3. Humility (Creative Qualities)

November 13, 2019

Part Three … what is humility?

The Cambridge dictionary defines it as, “The quality of not being proud because you are aware of your bad qualities.”

I don’t think anybody (deep deep down) believes that they are perfect. However, it is still possible to fall into traps and forget to be humble. I know I have. I think work situations in particular can really test people. Success can also put people on pedestals, which in turn can encourage vanity, boastfulness and self-importance.

I hate to say it but I’ve been called arrogant. More than once and it’s a tough pill to swallow.

No matter how you perceive yourself and your actions, a few throwaway words or a small gesture can have a huge impact on another person, whether you realise it or not.

So, this article covers some home truths for me and this ‘Creativity Quest’ is proving to be a great vehicle for the journey.

Let’s identify the link between humility and creativity.

– Humility helps us to be receptive to new information and ideas.

– Humility helps us wonder about how something might be different.

– Creativity works best when we are open to options and not when we have the door of possibility closed.

Imagine running into a room and shouting, “I’ve got an amazing idea!” only for your words to fall on deaf ears. It’s a huge pain-point for creatives. Call it neediness or attention-seeking if you want to, but people who enjoy coming up with ideas usually want to share them.

I know that I can sometimes get carried away with my ideas. My enthusiasm for creating content can become annoying if it becomes a one-sided conversation (… just ask my wife). Therefore, listening to others is probably the best thing we can do, whether that’s listening to an idea or listening to the feedback that’s given.

When I run ideation workshops, I outline 5 rules at the start …

1. Every person and every idea is equal.

2. Don’t judge or evaluate any ideas straight away.

3. Quantity rather than quality (to start with).

4. Build on each others ideas.

5. Record ALL ideas.

The difference between being a cog in a wheel and collaborating as an equal can vary in the workplace. My ideation workshops are designed to encourage attendees to be open-minded because people can get too wrapped up in their own ideas, they might intimidate junior members of staff and they can unknowingly kill the creativity in the room if they go unchecked.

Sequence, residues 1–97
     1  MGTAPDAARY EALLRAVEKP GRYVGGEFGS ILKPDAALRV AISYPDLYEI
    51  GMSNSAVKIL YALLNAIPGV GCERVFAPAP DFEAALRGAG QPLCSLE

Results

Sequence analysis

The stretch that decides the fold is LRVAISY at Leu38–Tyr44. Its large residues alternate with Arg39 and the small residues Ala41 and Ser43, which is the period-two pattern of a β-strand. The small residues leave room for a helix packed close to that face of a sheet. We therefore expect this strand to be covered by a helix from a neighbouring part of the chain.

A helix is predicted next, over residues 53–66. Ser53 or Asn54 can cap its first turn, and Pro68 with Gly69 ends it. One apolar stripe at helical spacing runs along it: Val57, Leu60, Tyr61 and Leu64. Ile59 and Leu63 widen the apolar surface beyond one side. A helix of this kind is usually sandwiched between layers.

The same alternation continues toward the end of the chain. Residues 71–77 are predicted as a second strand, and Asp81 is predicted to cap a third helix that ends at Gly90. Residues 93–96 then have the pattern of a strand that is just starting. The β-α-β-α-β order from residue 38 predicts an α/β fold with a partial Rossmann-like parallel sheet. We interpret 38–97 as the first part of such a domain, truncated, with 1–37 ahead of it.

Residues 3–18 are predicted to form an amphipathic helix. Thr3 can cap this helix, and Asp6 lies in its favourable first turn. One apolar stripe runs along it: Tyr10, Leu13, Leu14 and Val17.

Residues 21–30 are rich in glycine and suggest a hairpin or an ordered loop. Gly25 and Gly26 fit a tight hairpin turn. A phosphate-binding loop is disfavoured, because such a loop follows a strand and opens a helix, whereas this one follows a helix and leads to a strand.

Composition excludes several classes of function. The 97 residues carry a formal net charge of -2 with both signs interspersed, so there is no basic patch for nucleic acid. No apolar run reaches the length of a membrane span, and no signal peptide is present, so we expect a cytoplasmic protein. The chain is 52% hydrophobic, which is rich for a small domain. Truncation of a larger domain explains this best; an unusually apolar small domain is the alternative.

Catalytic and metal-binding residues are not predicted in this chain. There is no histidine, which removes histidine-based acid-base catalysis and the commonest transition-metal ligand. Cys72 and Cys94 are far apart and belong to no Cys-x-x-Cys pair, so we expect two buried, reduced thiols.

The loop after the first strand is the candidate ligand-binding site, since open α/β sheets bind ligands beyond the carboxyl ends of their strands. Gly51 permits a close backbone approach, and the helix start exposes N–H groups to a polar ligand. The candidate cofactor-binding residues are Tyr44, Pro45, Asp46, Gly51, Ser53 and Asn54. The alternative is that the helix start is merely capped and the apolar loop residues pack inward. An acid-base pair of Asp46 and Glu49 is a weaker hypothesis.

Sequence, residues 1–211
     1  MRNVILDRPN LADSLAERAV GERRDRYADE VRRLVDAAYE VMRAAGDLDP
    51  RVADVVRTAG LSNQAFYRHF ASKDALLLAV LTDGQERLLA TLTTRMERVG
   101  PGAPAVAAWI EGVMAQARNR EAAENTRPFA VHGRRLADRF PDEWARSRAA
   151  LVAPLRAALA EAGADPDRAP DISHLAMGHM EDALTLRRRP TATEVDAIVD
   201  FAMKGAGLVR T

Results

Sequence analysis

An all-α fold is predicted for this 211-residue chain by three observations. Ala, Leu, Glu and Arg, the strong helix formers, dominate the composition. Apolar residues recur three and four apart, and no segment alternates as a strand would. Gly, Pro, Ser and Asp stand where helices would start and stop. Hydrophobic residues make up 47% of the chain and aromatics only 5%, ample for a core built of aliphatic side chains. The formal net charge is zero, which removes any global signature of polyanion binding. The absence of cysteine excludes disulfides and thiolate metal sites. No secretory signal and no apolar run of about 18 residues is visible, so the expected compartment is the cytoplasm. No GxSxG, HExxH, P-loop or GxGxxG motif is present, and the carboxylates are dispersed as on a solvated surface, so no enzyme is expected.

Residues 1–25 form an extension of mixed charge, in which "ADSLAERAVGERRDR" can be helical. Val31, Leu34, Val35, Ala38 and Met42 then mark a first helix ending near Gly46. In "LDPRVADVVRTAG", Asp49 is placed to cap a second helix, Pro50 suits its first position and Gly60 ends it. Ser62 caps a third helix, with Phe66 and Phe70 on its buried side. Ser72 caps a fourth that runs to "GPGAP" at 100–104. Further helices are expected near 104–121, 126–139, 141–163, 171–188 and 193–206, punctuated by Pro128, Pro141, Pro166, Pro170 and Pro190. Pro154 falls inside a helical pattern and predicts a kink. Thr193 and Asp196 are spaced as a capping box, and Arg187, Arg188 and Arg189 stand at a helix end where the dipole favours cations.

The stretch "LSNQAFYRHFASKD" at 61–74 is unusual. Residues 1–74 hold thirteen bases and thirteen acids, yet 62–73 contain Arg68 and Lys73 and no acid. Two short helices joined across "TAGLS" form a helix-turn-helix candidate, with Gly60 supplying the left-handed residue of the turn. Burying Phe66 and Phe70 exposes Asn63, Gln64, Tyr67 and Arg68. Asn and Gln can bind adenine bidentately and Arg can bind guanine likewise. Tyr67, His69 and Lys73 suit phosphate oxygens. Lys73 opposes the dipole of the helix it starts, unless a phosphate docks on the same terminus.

Humility is a hard trait to develop because it has to start from a recognition that you are not always right and that you do not have all the answers. That is harder to admit than just saying, “Nobody’s perfect,” especially if you feel under pressure to be the one who has the answers.

The world teaches us that not knowing the right answer can lead to humiliation, damage to your reputation and missed opportunities. I am sure you have heard the phrase, “It’s a dog eat dog world out there!”  

The problem with this point of view is it encourages aggressive behaviour with the intent to get what you need in life at almost any cost. Call me soft but I know I am not well suited to some working environments because I would not put up with abusive bosses, snakey cut-throat tactics and blame cultures.

Assertiveness on the other hand is compatible with humility.

“True humility is not thinking less of yourself, it is thinking of yourself less.” 

I am unsure whether CS Lewis actually ever said the above quote but regardless, it’s a good line.

You have to stand up for yourself and others by putting your point of view across calmly and with recognition that you are no more or less important than others. Everyone has an equal right to be heard.

Can I practice what I preach? I hope so. I really do. I have been bringing a lot of young upcoming talent into the company these last few years, many still studying at university. I am hyper aware of the team culture I am bringing them into and it is important to me that I get it right.

Do you know your limitations as well as your strengths?

I ask new members of my team to do a SWOT analysis when I meet them.

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Everyone in my team has at some point done a SWOT analysis. If you haven’t tried it, I highly recommend doing one.

What comes next?

Use the information in the SWOT analysis. I look at how the individual’s strengths can be applied to core tasks within the company. That provides immediate value and also strengthens the individual’s confidence.

Then I focus on the individual’s weaker skills, specifically one that they want to improve. As long as they have a good attitude, I will happily invest time into helping them get better at that skill.

Opportunities and Threats can sometimes take a bit longer to draw out but they help you understand the mindset of an individual, such as what motivates them and what’s worrying them. I have learned that even when someone is good at something, it doesn’t mean they see themselves doing it long term.

5 useful steps for developing humility:

1. Spend time listening to others.

2. Ask for help when you need it.

3. Be grateful for what you have.

4. Seek feedback from others on a regular basis.

5. Review your actions.

That concludes today’s Creative Qualities article. My next piece is going to be on Mindfulness. Stay tuned!

If you are interested in looking at your creative qualities and those of your team, send me an email.

Thanks for reading!

Tom Marshall

Creative Director, Captive North